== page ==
Andrea Sneiderman, the widow accused of conspiring to murder her husband, will appear in court in July to answer those charges.
At a Feb. 21 hearing, DeKalb County Superior Court Judge Gregory Adams set a date of July 29 to begin jury selection for Sneiderman’s trial, which is expected to last more than a month.
Prosecutors allege Sneiderman and her former boss Hemy Neuman plotted to kill her husband, Rusty Sneiderman.
Neuman later admitted to shooting Rusty Sneiderman in front of a Dunwoody day care center and was convicted of his murder; he is now serving life in prison without parole.
According to prosecutors, Andrea Sneiderman was having an affair with Neuman.
In a new 16-count indictment filed Feb. 19, Sneiderman is charged with malice murder, felony murder, aggravated assault, hindering the apprehension of a criminal, concealment of material facts, four counts of making false statements and seven counts of perjury.
At a hearing in November 2012, prosecutors added the name Joseph Dell to their witness list. Former DeKalb County Chief Assistant District Attorney Don Geary said at the time that Sneiderman may have convinced Neuman to kill her husband so she and Dell could be together.
“We believe it credible that Mr. Dell left his wife six months pregnant about six and a half months after the murder of Rusty and at that time, openly took up a relationship with the defendant,” Geary said.
Sneiderman defense attorney Thomas Clegg said at the Feb. 21 hearing that his client’s relationship with Dell was nothing more than a strong friendship and accused Geary of trying to assassinate Sneiderman’s character and “smoke out” Neuman to testify against her.
Sneiderman’s bond conditions state that she is not to have contact with any of the people the state plans to call as witnesses. Sneiderman’s defense team filed a motion asking Adams to prevent Dell from being called as a witness and “preclude the state of Georgia from eliciting any evidence concerning any relationship” between Sneiderman and Dell.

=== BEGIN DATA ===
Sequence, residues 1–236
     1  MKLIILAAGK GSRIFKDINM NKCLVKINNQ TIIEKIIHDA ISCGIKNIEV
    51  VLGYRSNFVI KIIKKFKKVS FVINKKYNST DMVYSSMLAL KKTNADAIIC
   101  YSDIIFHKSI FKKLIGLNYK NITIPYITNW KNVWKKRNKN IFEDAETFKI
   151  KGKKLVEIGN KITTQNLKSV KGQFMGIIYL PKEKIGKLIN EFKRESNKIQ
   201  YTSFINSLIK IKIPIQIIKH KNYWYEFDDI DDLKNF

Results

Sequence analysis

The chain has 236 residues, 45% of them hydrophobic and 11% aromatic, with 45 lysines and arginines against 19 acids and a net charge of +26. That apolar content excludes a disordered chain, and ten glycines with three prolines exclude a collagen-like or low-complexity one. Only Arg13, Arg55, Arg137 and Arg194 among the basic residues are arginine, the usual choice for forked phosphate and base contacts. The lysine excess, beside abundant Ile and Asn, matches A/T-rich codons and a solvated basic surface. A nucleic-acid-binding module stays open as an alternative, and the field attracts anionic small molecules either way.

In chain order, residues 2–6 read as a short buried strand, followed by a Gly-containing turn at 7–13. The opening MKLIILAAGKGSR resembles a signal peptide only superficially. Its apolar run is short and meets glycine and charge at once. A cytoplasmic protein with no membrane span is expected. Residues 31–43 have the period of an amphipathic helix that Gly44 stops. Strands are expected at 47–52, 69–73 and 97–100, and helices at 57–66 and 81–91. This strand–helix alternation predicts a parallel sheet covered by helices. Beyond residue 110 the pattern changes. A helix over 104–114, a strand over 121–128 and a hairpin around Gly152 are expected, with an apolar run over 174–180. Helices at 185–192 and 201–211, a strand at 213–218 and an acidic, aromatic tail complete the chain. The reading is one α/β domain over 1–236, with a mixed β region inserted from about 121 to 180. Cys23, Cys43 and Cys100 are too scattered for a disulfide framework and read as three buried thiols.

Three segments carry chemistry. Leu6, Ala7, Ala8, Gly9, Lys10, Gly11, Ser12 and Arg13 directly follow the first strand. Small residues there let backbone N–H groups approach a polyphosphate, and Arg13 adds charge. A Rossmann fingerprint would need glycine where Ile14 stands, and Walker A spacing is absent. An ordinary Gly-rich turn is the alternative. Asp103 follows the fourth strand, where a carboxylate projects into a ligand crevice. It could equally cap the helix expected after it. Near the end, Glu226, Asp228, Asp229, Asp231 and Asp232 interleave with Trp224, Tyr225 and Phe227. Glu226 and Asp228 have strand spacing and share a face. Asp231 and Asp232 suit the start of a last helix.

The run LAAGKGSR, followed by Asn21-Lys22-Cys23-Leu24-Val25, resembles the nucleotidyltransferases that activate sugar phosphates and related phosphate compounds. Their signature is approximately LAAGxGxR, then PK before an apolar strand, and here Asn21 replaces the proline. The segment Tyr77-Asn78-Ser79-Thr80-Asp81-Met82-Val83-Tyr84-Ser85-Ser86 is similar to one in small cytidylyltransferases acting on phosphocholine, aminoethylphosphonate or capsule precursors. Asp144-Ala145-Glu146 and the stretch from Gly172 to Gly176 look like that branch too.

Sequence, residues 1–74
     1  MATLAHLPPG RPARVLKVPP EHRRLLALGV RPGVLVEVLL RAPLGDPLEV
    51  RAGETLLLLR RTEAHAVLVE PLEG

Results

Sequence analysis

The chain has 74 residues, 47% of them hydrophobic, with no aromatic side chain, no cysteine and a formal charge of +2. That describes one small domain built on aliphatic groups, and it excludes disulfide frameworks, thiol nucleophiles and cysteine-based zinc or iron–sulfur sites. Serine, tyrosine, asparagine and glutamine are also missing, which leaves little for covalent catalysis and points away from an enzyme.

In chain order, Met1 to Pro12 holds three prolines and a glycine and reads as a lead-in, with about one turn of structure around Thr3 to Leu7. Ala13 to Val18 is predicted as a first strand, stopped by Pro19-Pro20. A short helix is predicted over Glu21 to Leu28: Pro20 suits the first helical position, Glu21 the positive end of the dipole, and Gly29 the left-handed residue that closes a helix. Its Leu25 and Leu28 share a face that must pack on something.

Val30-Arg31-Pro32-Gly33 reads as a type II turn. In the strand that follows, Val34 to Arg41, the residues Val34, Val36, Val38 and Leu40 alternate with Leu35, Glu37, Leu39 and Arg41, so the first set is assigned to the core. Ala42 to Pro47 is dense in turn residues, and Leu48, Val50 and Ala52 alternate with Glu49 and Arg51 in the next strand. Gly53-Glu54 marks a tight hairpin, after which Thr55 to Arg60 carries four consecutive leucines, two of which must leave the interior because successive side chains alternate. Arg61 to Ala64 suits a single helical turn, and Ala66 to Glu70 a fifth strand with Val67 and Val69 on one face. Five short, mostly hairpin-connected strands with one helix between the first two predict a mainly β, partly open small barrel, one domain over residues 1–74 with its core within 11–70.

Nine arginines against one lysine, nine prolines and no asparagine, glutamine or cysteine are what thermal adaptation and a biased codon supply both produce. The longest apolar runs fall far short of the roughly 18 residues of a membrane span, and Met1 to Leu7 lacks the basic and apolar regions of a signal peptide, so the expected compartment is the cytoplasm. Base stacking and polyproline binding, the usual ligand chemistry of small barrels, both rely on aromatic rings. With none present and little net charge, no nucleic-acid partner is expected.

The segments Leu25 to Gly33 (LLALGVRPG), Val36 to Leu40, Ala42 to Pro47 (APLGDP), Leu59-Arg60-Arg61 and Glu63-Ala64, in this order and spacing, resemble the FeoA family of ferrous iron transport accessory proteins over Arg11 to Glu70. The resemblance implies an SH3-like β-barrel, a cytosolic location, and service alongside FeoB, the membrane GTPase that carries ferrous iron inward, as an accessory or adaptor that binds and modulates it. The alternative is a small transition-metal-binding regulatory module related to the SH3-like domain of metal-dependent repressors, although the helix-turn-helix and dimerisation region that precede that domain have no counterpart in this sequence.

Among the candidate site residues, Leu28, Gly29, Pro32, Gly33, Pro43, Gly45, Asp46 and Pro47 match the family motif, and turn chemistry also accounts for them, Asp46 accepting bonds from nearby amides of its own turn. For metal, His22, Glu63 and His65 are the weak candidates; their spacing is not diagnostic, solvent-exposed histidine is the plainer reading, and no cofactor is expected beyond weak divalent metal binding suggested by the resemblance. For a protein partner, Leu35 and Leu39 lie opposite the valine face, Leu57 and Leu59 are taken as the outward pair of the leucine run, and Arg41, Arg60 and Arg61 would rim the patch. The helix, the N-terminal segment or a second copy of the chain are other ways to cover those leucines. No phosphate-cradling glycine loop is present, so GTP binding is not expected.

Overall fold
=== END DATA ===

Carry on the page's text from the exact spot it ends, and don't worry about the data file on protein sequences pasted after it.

“It has absolutely nothing to do with any of the allegations against her,” Clegg said of the relationship between Sneiderman and Dell. “There is nothing that Joseph Dell can testify to and nothing concerning any relationship he has with Mrs. Sneiderman that would have anything to do with this indictment.”
Clegg also stated that prosecutors have yet to contact Dell even though it has been six months since his name was added to the witness list, and DeKalb County District Attorney Robert James confirmed that fact. Clegg asked prosecutors to “put up or shut up.”
“They have put his name on a witness list and have prevented Mrs. Sneiderman from having any contact with him without making any effort to contact him and see what he has to say,” Clegg said.
James said the appropriate time to “put up or shut up” is during the trial and he has no intention of trying the case before the trial or divulging his team’s prosecution strategy.
“I’m sorry that we haven’t satisfied counsel’s curiosity,” James said. “The law gives him the ability to object to relevance at trial.”
Additionally, James said Dell’s name was added to the list after prosecutors learned of several hours of conversations that occurred between Dell and Sneiderman while she was in jail.
Adams said he would rule on the motion in the next several weeks.